FWP launching committee to guide $4M in Lower Yellowstone River projects

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FWP launching committee to guide $4M in Lower Yellowstone River projects

Date: 06/23/2021     Category: News & Media     Author: Paul Hamby     Publication: Billings Gazette    


Confluence of Powder and Yellowstone Rivers
The confluence of the Powder and Yellowstone Rivers is pictured in 2017. LARRY MAYER, Billings Gazette

Portions of the Yellowstone River in southeastern Montana will become springs for economic and recreational development in the coming months.

Local residents along a 163-mile stretch of the river will be informing Montana Fish, Wildlife & Parks on how to best spend $4 million in funds approved by the state Legislature during its 2021 session. FWP is accepting applications from Montanans who want to serve on a committee to guide budgeting those funds through the end of the month.

“It’s interesting how many people think Montana ends at Billings …There’s just a plethora of opportunity there along the Yellowstone, if we can enhance the access to it,” said Angie Grove, who will chair the Lower Yellowstone Advisory Committee.

About 175 river miles separate the town of Hysham in Treasure County from the North Dakota border, with dozens of potential sites for boating, fishing and floating. The current infrastructure along the river has gaps in access points of up to 50 miles.

A map of the lower Yellowstone River showing potential public access and infrastructure opportunities.Courtesy image

Discussions on how to best utilize the untouched portions of the river go back several years. Surveys hosted by groups of small businesses owners, conservationists and outdoors enthusiasts during that time consistently showed that residents in the region overwhelmingly supported more access along the Yellowstone. The Lower Yellowstone River Coalition emerged out of this effort to lobby for the funding to grant that access.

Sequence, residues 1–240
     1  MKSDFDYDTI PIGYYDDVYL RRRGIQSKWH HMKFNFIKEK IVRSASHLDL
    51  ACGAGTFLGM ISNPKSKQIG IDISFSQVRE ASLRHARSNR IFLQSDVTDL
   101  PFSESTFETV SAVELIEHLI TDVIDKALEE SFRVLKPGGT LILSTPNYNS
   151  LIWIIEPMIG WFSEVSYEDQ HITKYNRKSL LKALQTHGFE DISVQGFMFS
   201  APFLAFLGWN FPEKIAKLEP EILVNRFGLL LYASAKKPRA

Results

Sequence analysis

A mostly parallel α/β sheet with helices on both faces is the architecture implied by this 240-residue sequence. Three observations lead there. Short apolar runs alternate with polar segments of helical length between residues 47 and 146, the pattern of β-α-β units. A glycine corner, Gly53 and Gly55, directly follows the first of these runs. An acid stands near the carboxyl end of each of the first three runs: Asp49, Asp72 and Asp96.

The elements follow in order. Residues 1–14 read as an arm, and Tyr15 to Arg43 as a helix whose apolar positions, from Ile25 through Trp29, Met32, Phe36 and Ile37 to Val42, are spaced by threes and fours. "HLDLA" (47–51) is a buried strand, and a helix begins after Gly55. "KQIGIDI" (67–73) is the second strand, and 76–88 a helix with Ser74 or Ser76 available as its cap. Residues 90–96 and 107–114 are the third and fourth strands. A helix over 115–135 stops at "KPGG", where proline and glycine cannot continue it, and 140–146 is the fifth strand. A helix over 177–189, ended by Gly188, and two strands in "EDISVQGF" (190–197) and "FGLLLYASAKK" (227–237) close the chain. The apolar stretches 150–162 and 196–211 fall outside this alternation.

In September 2020, then-Gov. Steve Bullock earmarked $4 million for FWP to take on the proposals from the Lower Yellowstone River Coalition, which the Legislature later approved.

Grove said those looking to serve on the advisory committee include hunters, fishers, canoers, bird watchers and those who have an interest in the historic sites along the river.

The committee will spend the next several months getting feedback from residents, and setting the criteria for which areas would be best suited for funding. While the ultimate decision for which projects will get the green light will fall on FWP, the committee will function similar to the Lower Yellowstone River Coalition during the past year in gathering information from locals, and making recommendations to the department.

“What I proposed for the planning committee is that we try to move as quickly as possible … The primitive nature of this river needs to be honored before any kind of development, but we’re anticipating wrapping up by the end of the year,” said Grove, who previously chaired the Montana State Parks and Outdoor Recreation Board.